Amidst of a series of unsolved murders attributed to a satanic cult, three best friends go on a road trip to a metal concert where they meet three guys with a totally rad van. Post-concert, they decide to go back home with their three new friends and then things become interesting.
Written by Alan Trezza, the story has a Satanic Panic feel to its background, which is most likely very wanted as it takes place at some point in the 1980s in the Midwest, right in the heart of Americana and preachers with odd ideas. The girls here are fairly well-written and the guys they join up with are decently done as well. The story itself is good and if the viewer goes into it as cold as possible, there will be some nice surprises. The only issues with the story come from some of the references and the car-phone and a few other things that make it harder to guess what year it may be taking place in, the mix of things seems to indicate more than one year, so that’s something to try and ignore. With this writing, director Marc Meyers does decent work and makes a fun film out of a clearly decently written script. The work of Trezza and Meyers together makes for a fun film and an easy watch.
Helping the film along is the cast led by Alexandra Daddario, Maddie Hasson, and Amy Forsyth who place the trio of besties going to a concert and having some fun afterwards. Joining them are Keean Johnson, Logan Miller, and Austin Swift as the three dudes they meet at the show. Rounding out the cast are Johnny Knoxville and Allison McAtee as the preacher and his ex-wife. The cast does good work in general with Amy Forsyth coming out as the best of the bunch and the most appealing to watch as well. Her work here sets her apart in a good way. She’s the one to watch here even though she’s is not top billed.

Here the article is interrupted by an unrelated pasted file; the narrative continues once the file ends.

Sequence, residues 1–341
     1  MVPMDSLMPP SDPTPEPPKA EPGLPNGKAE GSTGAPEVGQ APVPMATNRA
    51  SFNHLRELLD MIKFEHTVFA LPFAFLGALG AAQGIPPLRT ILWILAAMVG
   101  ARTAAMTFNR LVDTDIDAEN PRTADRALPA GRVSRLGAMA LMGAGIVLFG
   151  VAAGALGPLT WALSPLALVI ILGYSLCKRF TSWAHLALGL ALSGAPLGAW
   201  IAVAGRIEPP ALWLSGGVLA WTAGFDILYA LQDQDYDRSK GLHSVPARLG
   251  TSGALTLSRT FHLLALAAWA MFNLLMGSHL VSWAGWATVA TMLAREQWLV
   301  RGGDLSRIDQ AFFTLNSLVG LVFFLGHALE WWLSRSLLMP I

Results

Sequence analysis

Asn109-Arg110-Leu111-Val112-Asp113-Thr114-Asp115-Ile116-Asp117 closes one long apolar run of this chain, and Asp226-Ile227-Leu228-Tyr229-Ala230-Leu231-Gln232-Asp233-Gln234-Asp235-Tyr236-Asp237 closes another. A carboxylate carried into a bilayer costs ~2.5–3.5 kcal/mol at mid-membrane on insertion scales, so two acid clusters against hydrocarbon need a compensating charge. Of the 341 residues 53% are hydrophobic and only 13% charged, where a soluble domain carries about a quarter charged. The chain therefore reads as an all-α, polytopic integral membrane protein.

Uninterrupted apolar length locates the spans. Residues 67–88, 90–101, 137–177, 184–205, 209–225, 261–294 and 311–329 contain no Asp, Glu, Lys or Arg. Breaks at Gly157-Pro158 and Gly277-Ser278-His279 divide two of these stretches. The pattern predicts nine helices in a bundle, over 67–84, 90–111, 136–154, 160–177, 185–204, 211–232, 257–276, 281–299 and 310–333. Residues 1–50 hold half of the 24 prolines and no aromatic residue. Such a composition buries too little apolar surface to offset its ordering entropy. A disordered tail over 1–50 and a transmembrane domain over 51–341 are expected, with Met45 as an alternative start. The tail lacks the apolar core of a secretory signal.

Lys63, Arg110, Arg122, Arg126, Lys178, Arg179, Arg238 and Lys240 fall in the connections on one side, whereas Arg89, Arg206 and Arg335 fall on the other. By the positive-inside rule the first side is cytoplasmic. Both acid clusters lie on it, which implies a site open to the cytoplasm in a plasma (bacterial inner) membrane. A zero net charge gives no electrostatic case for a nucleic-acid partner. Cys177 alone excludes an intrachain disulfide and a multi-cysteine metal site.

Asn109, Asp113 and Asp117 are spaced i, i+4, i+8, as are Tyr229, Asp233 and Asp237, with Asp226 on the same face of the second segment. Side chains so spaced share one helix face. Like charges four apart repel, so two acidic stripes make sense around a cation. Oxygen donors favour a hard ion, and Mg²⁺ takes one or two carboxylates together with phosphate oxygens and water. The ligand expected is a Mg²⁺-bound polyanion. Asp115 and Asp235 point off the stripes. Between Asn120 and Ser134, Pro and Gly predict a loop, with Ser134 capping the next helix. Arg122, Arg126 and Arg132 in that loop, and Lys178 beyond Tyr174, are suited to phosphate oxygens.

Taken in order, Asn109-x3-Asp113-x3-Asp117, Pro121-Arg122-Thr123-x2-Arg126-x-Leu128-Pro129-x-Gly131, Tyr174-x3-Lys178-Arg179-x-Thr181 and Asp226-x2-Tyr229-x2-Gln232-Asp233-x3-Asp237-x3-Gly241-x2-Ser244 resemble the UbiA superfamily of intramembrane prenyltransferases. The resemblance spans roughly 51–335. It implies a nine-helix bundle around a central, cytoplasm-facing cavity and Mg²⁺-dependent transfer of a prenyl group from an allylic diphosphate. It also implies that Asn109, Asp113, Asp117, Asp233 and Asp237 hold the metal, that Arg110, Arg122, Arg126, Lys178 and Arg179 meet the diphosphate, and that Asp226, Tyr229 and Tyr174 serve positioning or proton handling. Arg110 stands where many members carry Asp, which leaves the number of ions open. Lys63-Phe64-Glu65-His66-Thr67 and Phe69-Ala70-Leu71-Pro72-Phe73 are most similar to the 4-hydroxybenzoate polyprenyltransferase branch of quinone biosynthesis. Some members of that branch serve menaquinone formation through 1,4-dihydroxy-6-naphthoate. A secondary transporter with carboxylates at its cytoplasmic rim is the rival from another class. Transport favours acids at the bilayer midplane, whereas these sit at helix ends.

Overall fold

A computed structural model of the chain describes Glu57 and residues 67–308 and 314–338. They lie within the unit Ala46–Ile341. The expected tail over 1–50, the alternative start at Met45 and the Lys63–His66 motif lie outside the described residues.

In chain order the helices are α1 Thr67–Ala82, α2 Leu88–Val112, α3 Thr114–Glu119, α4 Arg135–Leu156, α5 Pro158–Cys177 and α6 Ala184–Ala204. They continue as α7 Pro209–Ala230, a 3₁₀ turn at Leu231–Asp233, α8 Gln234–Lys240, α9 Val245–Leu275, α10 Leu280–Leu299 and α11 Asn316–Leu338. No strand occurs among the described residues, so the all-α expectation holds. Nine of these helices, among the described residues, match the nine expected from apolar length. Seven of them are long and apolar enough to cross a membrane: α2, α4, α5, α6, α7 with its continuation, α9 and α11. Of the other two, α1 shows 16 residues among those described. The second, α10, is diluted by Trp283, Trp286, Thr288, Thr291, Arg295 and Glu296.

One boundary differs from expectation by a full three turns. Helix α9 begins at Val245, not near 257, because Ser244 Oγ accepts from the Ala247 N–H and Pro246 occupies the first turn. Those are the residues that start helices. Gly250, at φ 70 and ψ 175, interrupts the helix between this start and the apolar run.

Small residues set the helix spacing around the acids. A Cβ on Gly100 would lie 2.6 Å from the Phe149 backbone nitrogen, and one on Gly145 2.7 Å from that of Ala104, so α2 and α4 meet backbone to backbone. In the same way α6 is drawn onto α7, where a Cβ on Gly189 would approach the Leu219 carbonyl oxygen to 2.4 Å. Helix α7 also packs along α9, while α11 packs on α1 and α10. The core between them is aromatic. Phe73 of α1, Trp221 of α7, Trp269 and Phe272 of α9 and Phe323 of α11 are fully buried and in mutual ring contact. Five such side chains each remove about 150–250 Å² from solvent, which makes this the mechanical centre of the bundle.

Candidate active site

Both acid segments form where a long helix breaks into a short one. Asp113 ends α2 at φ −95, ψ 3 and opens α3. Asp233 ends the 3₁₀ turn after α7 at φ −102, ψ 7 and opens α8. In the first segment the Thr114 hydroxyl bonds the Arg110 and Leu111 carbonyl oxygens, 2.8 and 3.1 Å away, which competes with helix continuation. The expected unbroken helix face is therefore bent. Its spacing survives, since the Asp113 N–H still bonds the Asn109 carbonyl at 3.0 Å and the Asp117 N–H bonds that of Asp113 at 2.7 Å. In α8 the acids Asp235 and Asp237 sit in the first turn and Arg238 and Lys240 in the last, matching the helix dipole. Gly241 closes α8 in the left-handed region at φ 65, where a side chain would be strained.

The film’s soundtrack here is a point of interest with some nice 80s style songs and covers, even a few actually recognizable pieces by the original artists (well at least one and an off-sounding version of Belinda Calisle song). The music is fun and it works, but it can’t be looked into too deeply to keep the sheen of the film on. Same thing happens with the costumes, which while cute as can be for the girls, a few of the pieces feel out of place for some reason that is hard to pinpoint at times. It may be the fit, or the fabrics, but something about some of their clothes feels like a nostalgia collection and not actual pieces from the 80s.
We Summon The Darkness is a fun film, but does require that the viewer be ready to ignore a few things that will take some people out of the story as they try to figure out what year it takes place in. The performances are good, the story is fun, the direction makes it all easy to watch, so it’s the kind of movie that makes for a good Friday night with some friends, watching the mayhem go down, which there is plenty of here.